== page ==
down halfway to us. Some of the crowd rowed out to her in
a dory and towed her in. We rowed her back. This afternoon
they couldn't get her started, so we didn't go ashore. Just
up steering wheel of Yukon today. All of the gas boats are
on the bum. Some of us rowed the Yukon's skiff out to the
ship at dinner instead of waiting for the launch. The skiff
towed the launch back most of the way this afternoon. Rowed
ashore with Chief after supper and helped him on plumbing
fixtures until about dark. Saw mosquitos tonight.
theodolite ashore this morning and practiced a little. Worked
on Yukon rest of day.
on Yukon this morning and part of afternoon. Dailey and Lewis
and I came aboard in skiff at dinner time, and Dailey and
I came aboard in skiff at supper time. We are all set for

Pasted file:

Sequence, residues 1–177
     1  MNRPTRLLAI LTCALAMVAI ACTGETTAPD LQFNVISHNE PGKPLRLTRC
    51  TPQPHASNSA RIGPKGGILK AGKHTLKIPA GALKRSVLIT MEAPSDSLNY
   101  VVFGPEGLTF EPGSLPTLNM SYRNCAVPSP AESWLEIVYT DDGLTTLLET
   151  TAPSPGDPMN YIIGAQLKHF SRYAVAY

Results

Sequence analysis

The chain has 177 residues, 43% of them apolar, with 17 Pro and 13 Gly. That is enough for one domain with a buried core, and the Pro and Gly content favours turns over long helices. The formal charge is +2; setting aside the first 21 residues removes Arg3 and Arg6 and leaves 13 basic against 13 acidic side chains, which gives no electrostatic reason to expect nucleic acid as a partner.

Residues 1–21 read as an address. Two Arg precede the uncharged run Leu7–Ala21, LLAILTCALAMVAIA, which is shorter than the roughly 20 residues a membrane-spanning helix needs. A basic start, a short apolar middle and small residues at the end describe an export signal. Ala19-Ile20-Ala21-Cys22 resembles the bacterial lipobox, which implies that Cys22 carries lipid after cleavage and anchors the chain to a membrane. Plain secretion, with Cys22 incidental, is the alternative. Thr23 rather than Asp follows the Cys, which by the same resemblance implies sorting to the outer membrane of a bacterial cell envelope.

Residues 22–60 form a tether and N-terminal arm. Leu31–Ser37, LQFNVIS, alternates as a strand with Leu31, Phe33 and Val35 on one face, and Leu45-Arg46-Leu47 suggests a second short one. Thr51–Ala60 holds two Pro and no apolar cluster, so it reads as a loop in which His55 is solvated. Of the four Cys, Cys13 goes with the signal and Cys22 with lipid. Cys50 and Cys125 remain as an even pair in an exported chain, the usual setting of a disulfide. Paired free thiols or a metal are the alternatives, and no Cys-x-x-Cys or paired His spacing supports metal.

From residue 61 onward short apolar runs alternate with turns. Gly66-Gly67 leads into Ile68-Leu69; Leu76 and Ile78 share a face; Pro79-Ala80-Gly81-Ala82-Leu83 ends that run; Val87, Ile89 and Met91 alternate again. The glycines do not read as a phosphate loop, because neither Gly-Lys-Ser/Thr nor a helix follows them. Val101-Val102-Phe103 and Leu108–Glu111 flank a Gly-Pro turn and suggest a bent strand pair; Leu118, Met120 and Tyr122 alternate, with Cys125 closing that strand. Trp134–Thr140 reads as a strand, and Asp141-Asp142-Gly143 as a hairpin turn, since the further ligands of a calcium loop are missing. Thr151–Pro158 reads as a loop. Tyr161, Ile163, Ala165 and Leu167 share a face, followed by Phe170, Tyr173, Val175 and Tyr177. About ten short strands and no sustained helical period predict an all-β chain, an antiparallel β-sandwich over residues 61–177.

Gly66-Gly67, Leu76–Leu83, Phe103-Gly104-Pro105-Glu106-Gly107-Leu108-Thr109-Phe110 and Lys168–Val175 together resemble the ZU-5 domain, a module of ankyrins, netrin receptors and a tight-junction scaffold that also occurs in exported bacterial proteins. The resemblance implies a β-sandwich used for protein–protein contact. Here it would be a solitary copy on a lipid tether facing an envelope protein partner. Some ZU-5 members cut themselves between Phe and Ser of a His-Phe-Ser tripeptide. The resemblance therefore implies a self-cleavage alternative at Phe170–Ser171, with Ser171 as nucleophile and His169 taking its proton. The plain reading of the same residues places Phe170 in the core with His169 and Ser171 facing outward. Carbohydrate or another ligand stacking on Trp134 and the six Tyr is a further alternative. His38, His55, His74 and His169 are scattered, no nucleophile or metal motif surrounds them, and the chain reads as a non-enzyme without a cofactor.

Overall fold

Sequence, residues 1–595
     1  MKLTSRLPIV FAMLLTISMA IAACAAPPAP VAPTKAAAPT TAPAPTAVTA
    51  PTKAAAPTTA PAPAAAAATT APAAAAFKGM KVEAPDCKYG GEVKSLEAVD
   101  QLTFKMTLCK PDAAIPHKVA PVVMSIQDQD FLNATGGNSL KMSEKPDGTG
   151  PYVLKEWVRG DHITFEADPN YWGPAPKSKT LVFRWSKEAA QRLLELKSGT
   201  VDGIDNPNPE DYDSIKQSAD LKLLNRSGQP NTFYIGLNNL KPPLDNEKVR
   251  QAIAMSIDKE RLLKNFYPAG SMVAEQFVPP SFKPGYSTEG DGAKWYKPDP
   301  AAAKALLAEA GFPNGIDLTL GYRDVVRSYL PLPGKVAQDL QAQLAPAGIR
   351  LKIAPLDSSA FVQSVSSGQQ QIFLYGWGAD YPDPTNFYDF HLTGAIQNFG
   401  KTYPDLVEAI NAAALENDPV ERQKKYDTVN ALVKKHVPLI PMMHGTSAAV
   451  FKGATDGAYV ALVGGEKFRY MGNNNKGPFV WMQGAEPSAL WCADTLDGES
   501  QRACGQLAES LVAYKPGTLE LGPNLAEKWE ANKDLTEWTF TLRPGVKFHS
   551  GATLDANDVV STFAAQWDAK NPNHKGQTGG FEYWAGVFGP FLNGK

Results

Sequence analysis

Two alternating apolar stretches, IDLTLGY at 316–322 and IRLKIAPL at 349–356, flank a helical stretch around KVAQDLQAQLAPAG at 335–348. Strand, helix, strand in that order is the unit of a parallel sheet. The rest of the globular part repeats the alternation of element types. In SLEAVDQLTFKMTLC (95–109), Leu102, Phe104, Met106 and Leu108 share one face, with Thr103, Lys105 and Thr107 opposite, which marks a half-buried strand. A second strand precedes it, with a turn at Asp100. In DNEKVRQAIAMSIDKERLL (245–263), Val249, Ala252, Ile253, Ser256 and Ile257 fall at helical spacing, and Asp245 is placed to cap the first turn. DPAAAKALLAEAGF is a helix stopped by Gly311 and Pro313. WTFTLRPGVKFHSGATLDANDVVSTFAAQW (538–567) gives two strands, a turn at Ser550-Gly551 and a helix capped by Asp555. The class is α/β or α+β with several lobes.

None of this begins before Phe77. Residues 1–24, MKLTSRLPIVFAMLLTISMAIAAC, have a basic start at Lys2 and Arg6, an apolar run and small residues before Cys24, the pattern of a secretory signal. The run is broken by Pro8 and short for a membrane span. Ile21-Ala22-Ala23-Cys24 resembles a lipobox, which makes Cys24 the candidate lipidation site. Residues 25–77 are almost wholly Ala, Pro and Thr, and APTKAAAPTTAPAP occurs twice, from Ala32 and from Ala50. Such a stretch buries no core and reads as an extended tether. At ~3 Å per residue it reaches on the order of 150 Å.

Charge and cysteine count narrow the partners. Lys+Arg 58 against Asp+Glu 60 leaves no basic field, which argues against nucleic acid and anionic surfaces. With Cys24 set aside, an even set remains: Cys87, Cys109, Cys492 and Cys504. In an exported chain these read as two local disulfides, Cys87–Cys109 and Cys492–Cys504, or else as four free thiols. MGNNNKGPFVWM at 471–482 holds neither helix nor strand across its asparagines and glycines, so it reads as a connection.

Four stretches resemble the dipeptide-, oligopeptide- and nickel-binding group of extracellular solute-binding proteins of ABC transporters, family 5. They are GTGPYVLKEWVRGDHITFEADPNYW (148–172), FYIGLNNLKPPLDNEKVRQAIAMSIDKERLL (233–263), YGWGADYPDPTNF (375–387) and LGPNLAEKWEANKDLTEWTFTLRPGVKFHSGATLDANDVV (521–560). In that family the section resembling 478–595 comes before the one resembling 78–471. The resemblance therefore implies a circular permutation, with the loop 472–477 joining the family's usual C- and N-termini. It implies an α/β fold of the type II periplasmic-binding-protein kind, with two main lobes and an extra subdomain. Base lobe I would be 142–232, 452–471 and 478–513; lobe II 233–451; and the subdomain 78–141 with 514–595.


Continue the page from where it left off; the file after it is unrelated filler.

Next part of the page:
a hunt tomorrow. Tonight is as clear as a whistle. The mountains
cut the sky in sharp lines. Tonight is one of those clear,
moonlight nights that come only occasionally.
Mower, Lewis, and I went out at 7:00 this morning. All except
Mower had rifles. We got to Cold Bay at about 10:30. Caribou
and bear tracks were found along the beach. During the day
I saw hundreds of caribou tracks and some fox tracks, besides
the bear tracks. A number of bear trails made walking thru
the grass easier at times. Got back at about 6. Forgot to
take pedometer, but we must have walked somewhere between
twenty and twenty-five miles. Tired and stiff tonight, but
ready to go again at the first opportunity.
as per usual. Cold and windy. Below freezing. Very disagreeable
again. Weather same as yesterday if not colder. The woolewars
are out tonight. I am sure to be routed out sometime before
daylight to stand a watch. I am going to get some of my things
ready for going into camp. Just finished a 26-page letter
to the home folks.
A.M. Lewis and I went in with the first boatload of
; men for the Yukon. The launch had most of the men and a
bunch of mess stores. A whaleboat, which was in tow, had the
bedding and clothing. The dingy was in tow of the whaleboat.
It was blowing a gale or very near it. When we set out the